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The global hunt for demolition best practice

RVA Group’s managing director was asked to pen a feature for International Construction recently, which explored demolition trends on an international scale. If you missed the write up, you can read it in full here…

As heavy industries continue to evolve worldwide, many assets naturally become redundant. The difficulty, for the operator, is deciding exactly what to do next with these often inherently hazardous structures.

Navigating the associated safety, environmental and fiscal challenges is not easy. However, armed with the right skill-set, experienced demolition professionals can help to ensure the effective clearance of such plant, irrespective of the project complexities that arise around the globe.

When RVA worked on a project for the State Oil Company of Azerbaijan Republic (SOCAR), it was the team’s dismantling expertise that was sought.

The global energy leader wanted to relocate a mothballed polypropylene manufacturing facility from Quebec, Canada, to Azerbaijan. But this demanding assignment required the decontamination, laser scanning, match-marking, physical separation, preservation, precise cataloguing and packing of the plant, so that it could be meticulously reassembled. Maintaining the operational integrity of every component was of course critical, as failure to correctly administer this process, could have resulted in this highly valuable manufacturing resource becoming nothing more than scrap metal.

Appointed by European Petroleum Consultancy (EPC), who ran the overall contract, RVA provided project management, technical engineering and EHS advice for the duration of the works.

Safety and environmental standards were paramount from the outset. Whilst most modern countries adhere to similar benchmarks in this respect, there are naturally varying international and even regional nuances to the law. Asbestos removal is regulated differently in Canada to the UK, for example. However, to ensure best practice and maximum peace of mind when undertaking such high-hazard projects, legislative parameters are only ever considered as setting the very minimum criteria. This is because the objective of any responsible demolition professional should be to exceed legislative compliance and ensure the highest achievable level of safety.

Canada was a new geographical territory for RVA and time differences added to the exacting nature of the project. With RVA engineers visiting Quebec – coordinating expertise with specialist engineers back in London – careful planning was essential to maintain efficient dialogue.

However, the effective execution of this complex six-month scheme resulted in 1,000 tonnes of equipment successfully making the 5,000-mile journey for reassembly in Baku.

On other occasions, the recovery of selected plant items, for transfer to an owner’s other site(s), is a by-product of a larger total site closure programme. This was the case for the clearance of a sucralose manufacturing plant on an 11-hectare site on Jurong Island, Singapore. Owned by Tate & Lyle, the client engaged RVA to oversee the decontamination, demolition and dismantling of the facility, prior to it being consigned to sister plants worldwide.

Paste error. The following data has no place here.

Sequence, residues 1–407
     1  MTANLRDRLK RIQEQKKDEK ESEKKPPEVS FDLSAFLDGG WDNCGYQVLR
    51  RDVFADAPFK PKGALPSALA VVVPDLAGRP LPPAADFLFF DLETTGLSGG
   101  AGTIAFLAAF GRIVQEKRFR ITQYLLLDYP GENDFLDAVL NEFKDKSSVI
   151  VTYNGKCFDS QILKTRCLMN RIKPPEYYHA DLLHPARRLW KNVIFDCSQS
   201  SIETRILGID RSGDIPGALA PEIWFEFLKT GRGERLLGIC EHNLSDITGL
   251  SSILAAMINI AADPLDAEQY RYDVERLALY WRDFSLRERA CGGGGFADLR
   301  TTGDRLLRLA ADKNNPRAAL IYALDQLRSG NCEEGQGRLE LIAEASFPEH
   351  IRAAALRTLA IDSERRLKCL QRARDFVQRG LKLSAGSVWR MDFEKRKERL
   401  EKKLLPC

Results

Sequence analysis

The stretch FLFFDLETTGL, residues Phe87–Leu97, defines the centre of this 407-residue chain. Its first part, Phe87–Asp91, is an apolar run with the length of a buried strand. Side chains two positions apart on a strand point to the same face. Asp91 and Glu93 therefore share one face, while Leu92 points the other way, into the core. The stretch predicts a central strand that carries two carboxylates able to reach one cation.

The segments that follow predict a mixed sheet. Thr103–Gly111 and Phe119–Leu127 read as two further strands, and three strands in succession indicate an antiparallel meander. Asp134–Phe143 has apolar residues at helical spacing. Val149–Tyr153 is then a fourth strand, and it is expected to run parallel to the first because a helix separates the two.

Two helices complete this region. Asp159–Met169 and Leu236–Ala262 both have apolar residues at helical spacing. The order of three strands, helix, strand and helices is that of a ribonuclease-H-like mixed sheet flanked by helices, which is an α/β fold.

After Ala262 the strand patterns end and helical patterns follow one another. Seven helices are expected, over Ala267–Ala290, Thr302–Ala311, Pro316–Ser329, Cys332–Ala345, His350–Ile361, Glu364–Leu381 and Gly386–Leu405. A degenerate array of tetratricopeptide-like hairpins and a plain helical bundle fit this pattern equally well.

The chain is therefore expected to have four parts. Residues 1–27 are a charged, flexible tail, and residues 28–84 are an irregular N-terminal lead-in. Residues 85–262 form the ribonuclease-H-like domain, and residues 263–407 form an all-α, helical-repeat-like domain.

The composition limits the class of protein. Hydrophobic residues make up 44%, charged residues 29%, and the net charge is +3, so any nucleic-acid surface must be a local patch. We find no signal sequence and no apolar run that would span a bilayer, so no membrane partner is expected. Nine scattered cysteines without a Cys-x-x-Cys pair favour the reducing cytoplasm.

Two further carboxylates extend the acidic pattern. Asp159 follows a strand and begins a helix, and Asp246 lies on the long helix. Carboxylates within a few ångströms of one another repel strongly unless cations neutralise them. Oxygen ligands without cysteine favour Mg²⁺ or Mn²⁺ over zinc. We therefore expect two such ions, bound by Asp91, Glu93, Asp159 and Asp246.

The project was bound by tight timescales, given a commercial driver for the client to exit the site in the most cost-effective way. The work was therefore planned sequentially with designated demolition areas handed over in a carefully phased manner. Potential sources of ignition were subject to strict controls, due to the nature of the chemicals housed nearby and the presence of some units which had to remain operational during the initial stages of the programme.

Here again, local standards were adopted as a regulatory compliance base for this project, however, global industry best practice was the non-negotiable the benchmark for the demolition contractor’s EHS regimes and technical methodologies. But delivering this approach can represent challenges – not least due to cultural differences and language barriers – so effective personnel relations, awareness training and communication were key.

Deciding on the optimum ‘next step’ for a site is far from a straightforward exercise, and a plan is usually devised following analysis of a costed feasibility study. The owners of Eggborough Power Station in Northern England first engaged RVA in 2015, for example, to help them explore the most efficient way to manage the decommissioning works of their 2000MW facility when it ceases generation in the near future.

Faced with various strategic options, the client has yet to decide the exact demolition approach for this major site. However, with eight cooling towers, one stack, significant levels of asbestos and the requirement for explosive demolition techniques as part of the overall scheme of work, the project will have to be carefully managed and executed by a competent team. With the current high level of coal fired power station decommissioning works underway or scheduled in the UK, the regulatory organisations are giving this sector a great deal of attention.

To talk to the RVA team about your own decommissioning, decontamination, dismantling and/or demolition project, please don’t hesitate to contact us.

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